GUAM NEEDS ACTION ON STRAY ANIMALS

Editorial

Pacific Daily News

HAGATNA, Guam (Dec. 27) - Guam's problem with stray cats and dogs is much more serious than a few overturned trash cans and some messy instances of road kill.

The stray dog and cat population is estimated to be somewhere between 25,000 and 30,000 animals, according to Department of Agriculture Deputy Director Joseph Torres, who heads the Animal Control Division. And that number will only continue to grow.

These animals are more likely to get and spread diseases. They are also much more likely than pets to carry fleas and ticks. Feral cats and dogs pose a danger to pets and livestock, as well as to wildlife, notably endangered species of birds authorities are trying to reintroduce to the wild.

Packs of feral dogs also pose a real and serious threat to the health and safety of students, both those who walk to school and those who wait for buses. Likewise, the health and safety of walkers, joggers, hikers and bicyclists, among others, are at risk.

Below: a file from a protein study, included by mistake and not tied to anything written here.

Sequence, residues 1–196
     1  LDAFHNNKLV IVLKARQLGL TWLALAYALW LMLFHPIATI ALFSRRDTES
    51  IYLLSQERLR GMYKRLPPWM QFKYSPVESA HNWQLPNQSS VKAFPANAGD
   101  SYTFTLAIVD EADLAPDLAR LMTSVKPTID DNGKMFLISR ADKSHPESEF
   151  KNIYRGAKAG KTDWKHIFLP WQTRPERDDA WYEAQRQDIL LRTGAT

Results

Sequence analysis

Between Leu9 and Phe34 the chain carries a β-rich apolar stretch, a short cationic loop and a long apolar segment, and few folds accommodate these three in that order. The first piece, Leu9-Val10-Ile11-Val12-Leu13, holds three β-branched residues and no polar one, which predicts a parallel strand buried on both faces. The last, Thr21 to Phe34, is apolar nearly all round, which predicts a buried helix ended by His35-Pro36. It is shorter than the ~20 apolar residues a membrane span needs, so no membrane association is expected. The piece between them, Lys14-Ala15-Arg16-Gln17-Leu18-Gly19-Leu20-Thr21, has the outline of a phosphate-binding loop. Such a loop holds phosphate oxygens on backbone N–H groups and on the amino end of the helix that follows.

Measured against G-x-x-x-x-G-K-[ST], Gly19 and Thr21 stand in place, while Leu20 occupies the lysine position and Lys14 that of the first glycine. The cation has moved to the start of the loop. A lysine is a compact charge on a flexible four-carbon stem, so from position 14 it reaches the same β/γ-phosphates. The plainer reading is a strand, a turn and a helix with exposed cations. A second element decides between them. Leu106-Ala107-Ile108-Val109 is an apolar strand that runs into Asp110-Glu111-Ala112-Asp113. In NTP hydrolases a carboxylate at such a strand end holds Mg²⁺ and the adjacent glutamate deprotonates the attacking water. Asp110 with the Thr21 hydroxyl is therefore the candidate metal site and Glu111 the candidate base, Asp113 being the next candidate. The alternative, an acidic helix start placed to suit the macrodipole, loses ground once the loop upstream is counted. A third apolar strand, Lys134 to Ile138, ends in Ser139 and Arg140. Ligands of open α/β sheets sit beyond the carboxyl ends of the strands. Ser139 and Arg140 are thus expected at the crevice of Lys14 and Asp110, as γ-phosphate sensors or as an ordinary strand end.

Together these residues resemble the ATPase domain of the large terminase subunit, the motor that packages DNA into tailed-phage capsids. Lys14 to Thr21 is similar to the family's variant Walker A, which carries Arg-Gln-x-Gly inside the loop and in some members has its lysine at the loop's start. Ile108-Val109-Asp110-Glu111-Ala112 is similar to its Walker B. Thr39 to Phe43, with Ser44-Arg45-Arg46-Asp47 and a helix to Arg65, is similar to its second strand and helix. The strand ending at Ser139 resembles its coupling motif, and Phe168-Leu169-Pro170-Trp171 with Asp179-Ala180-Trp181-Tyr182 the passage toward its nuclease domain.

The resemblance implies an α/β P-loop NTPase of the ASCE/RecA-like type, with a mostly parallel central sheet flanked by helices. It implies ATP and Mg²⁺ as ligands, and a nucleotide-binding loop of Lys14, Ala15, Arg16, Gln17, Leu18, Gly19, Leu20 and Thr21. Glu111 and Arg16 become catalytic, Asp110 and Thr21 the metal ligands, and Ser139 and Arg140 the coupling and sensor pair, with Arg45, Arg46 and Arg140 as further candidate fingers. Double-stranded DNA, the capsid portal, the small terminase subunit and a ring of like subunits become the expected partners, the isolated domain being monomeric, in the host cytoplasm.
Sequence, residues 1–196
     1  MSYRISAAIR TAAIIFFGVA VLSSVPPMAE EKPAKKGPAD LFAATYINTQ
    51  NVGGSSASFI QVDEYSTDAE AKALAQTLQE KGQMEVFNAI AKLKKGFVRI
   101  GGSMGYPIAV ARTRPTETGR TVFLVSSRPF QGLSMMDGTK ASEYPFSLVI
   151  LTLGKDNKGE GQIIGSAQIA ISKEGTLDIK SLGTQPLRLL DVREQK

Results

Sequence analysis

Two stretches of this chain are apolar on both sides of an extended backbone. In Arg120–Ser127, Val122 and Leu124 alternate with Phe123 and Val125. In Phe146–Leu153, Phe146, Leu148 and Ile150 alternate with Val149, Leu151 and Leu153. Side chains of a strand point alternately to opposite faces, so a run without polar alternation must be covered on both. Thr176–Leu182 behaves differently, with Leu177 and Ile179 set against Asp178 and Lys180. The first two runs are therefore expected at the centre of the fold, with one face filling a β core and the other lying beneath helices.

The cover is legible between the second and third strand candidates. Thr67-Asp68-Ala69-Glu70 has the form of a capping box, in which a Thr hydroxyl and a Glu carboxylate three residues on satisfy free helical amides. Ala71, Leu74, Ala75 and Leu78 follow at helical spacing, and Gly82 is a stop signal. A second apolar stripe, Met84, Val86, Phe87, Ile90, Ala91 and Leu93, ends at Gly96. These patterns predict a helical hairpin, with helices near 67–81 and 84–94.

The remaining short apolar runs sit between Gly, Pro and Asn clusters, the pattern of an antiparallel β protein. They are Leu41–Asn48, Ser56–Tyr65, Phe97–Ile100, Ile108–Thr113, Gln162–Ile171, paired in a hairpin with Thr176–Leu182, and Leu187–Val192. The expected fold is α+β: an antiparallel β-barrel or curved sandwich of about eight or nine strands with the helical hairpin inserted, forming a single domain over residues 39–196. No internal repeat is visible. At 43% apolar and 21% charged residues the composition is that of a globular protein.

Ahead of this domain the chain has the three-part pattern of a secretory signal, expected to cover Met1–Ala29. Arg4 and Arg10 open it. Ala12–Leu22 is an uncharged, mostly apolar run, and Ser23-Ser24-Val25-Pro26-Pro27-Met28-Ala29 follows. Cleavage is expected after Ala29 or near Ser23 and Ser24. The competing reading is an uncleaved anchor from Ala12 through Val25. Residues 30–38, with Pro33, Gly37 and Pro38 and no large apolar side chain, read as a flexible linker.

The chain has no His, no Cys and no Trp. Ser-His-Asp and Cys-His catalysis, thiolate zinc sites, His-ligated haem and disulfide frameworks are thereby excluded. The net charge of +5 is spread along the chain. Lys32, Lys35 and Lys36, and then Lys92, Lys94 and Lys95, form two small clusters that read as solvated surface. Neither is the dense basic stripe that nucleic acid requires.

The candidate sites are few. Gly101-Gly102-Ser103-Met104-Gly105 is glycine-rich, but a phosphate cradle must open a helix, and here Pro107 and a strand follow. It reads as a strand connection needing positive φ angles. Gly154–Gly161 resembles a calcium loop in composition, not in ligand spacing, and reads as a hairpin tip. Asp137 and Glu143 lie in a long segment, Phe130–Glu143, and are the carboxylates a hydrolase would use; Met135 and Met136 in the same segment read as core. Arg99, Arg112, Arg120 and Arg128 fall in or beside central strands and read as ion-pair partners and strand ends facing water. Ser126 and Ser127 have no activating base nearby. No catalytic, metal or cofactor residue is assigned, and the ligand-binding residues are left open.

A large factor in the number of strays on Guam has been a reticence by many to have their pets spayed and neutered. This leads to unwanted litters of puppies and kittens. Each one of those animals that isn't spayed or neutered exacerbates the problem.

But increasing the number of animals spayed and neutered will only help curb future growth. What our community needs is aggressive solutions to the problem, because it's obvious the current approach isn't getting the job done.

The Department of Agriculture has recently received funding to purchase about a dozen dog traps, and hopes to eventually have about 40 of the traps, according to Torres, who also said he needs double the number of Animal Control officers from three to six.

Guam needs to look at what other jurisdictions are doing to handle problems with stray dogs and cats. How can we better enforce existing laws? Are there better methods of trapping that can be implemented? Should there be special hunts to eliminate feral dog packs or feral cats? Is privatization of Animal Control an alternative worth exploring?

Guam's stray dog and cat problem must be addressed by our elected and appointed government officials now, before it becomes an even greater problem in our community.

December 28, 2004

Pacific Daily News: www.guampdn.com

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